Four issues are particularly sensitive when using this approach. The first concerns the sample and population. Predictive and explanatory models make use of sample countries to generalize, but the extensive variation between countries makes it difficult to generalize both regionally and globally about sentencing. For example, Cavadino and Dignan (2007) argue that penal levels, measured by overall imprisonment rates, vary with the type of political economy. The four proposed typologies are the neoliberal (USA, UK, Australia, New Zealand, South Africa), the conservative corporatist (Germany, France, Italy, the Netherlands), the social democratic (Sweden, Finland), and the oriental corporatism (Japan). Their aim is to find similarities between groups of countries on significant variables that simultaneously distinguish those countries from others belonging to different typologies. Using sample countries from North America to east Asia, the authors can make the claim of sampling a global scale of modern industrialized countries. However, many countries pointing in different directions are not included. For example, what would happen if China is in the comparison? China has a very high rate of imprisonment, but does not adhere to a neoliberal societal model (Nelken 2011). Within the African scale of modern industrialized countries, it is only South Africa that is included in the comparison. However, Kenya is equally a comparatively large market economy in Africa, yet with much lower prison rates than South Africa.

Similarly, Lappi-Sepp€al€a (2011) compares correlations between prison rates and a number of social and political structures in 30 different countries. He argues that among others, moderate penal policies are related to consensual and corporatist political cultures with high levels of social trust and political legitimacy. The sample consists of 30 countries from continental Europe (hereunder Russia), North America, and it includes Australia and New Zealand. Yet, it does not include any Asian (apart from Russia) or African countries. For the present purposes we are reminded that explanatory models are limited to the countries chosen for comparison and that it is problematic to generalize both regionally and globally about correlates to sentencing and sanctioning.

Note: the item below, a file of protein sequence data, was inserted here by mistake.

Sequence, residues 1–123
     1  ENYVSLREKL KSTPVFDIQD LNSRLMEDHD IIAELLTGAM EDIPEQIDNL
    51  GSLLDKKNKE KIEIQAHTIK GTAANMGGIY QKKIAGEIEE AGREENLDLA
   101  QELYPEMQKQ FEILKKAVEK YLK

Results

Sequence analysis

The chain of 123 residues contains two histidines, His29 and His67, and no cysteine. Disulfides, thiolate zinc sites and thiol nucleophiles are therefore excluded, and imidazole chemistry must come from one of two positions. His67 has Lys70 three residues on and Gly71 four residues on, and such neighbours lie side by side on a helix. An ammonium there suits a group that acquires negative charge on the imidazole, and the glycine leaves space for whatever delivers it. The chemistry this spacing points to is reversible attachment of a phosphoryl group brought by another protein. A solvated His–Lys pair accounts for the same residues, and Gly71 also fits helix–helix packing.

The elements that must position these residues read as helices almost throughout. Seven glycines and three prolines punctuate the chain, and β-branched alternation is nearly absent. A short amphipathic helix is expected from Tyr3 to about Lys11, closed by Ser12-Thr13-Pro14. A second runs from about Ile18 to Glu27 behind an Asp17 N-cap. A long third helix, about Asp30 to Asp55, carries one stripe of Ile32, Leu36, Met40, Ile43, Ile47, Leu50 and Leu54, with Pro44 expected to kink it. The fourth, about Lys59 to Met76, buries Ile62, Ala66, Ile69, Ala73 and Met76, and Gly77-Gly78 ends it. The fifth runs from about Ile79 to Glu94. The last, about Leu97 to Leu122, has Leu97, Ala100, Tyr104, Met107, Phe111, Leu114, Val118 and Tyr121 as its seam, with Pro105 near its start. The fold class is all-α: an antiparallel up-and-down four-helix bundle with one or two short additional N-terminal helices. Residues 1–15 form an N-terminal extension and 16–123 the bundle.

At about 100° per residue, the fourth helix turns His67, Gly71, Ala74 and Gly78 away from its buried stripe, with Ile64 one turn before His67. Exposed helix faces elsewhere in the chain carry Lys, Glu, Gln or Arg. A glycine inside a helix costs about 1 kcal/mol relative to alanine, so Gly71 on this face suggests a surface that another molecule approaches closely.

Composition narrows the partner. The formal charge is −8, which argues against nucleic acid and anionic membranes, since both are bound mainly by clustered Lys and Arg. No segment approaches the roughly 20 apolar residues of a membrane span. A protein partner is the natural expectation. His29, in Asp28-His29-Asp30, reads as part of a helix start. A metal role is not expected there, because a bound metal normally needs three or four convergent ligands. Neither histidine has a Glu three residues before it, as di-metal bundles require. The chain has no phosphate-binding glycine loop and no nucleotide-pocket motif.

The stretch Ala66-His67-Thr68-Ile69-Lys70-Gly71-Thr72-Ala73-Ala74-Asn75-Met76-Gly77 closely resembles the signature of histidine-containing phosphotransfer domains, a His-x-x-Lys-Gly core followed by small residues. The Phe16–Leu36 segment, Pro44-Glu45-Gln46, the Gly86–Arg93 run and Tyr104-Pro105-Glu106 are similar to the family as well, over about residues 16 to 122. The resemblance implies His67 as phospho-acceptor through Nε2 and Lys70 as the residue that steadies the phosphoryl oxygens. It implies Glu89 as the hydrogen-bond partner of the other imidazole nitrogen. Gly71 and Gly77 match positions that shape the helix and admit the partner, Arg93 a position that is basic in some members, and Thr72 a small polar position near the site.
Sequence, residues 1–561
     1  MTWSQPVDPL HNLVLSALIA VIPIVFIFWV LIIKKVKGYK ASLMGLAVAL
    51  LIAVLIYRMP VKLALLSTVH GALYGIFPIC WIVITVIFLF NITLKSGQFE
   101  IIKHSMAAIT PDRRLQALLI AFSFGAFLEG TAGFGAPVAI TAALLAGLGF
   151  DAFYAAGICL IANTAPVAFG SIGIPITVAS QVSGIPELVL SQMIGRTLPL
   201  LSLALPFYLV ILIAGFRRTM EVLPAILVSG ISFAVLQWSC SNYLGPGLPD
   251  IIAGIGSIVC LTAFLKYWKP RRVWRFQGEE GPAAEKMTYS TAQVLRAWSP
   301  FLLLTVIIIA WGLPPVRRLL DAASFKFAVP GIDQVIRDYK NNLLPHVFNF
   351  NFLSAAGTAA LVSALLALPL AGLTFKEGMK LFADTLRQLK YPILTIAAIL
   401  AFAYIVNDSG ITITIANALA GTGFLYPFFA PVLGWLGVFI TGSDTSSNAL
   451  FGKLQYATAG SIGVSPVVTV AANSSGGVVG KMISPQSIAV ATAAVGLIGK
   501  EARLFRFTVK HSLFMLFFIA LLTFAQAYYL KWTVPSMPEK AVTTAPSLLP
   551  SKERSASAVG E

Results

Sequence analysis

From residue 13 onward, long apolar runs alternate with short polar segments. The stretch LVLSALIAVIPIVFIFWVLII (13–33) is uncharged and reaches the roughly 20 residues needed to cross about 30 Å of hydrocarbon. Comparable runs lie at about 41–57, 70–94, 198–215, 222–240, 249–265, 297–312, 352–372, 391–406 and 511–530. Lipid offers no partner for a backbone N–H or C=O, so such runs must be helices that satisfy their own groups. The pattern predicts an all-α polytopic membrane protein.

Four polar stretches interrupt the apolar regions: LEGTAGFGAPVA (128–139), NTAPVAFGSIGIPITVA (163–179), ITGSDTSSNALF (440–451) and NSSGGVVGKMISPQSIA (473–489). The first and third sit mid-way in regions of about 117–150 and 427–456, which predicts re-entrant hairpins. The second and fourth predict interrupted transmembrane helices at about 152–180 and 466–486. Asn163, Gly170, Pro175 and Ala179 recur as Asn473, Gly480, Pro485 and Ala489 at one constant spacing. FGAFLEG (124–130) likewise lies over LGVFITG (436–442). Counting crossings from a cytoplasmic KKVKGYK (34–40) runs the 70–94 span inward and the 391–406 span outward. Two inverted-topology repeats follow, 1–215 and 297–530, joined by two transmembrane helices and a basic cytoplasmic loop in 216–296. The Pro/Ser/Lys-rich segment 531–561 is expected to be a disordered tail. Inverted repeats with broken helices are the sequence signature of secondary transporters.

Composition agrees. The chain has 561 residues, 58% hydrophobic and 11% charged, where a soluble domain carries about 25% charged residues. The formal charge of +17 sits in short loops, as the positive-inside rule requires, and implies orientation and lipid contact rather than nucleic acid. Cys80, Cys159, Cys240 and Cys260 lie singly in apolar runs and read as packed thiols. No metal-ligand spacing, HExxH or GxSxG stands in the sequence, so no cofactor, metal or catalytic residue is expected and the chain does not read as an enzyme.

The second issue concerns the dependent variable. Whether it is prison rates, the use of alternative sanctions, fines, the legal framework of sentencing, or sentencing uniformity, it is central to a positivistic approach that the dependent variable is comparable across jurisdictions. When comparing prison rates, what counts as prison? Is weekend prison and open prison with daily outside working or educational activities outside included? Is electronic monitoring and home imprisonment included? Does it make sense to compare sentences served under the conditions in local prison facilities in the state of Virginia with those of Germany? Furthermore, increasingly important is the measuring of alternative sanctions. Its features, characteristics, and use have expanded rapidly over the last decades. But while many of the headlines are the same across borders, the content of alternative sanctions rarely is. Some are keenly aware of this challenge (Farrington et al. 2004). Taken wider, the issue here is that looking at criminal sentences across nations assumes sufficient non-variation both in sanctioning mechanisms and in competing social sanctioning mechanisms. For example, in the context of Japan in which disciplinary culture varies markedly from that of England and Wales and that of the United States, there is a range of other measures that are used for social control. South Africa, even though it does represent a punitive system, also represents local governance technologies that are applied to situations in which other countries, like England and Wales, France, or Norway, would use formal sanctions of imprisonment and community service. A social scientific predictive or explanatory approach must consider these factors.

The third issue that must be considered relates to the independent variables. When comparing two or more jurisdictions, every-one of the independent variables needs to be comparable across jurisdictions and relevant variations between them must be reflected. This includes both criminal offence variables, procedural variables, and variables related to the criminal offenders, and it includes the social, political, and cultural structures of the sentencing jurisdiction. Both legally and empirically, violent offences may look different, the offenders may belong to different groups of society and the form of trial may vary from place to place. In some countries less serious offences are not categorized as crimes but as administrative wrongs and are handled accordingly. Some countries rely on police and prosecution to finish many cases before they reach court. In some jurisdictions, like England and Wales, timely confessions are awarded measurable reductions in criminal sentencing, while in other countries confessions only affect the form of evidence and trial. Likewise, in some jurisdictions, there is little space for the inclusion of a personal investigation report, while in others it takes center stage. A further and important concern with independent variables is the covariance between them. For example, Lappi-Sepp€al€a (2011) relates low levels of inequality, democracy, high social trust, and welfare society with moderate penal levels. However true this may be, it is associated with considerable methodological concern that there is a high covariance between these particular variables.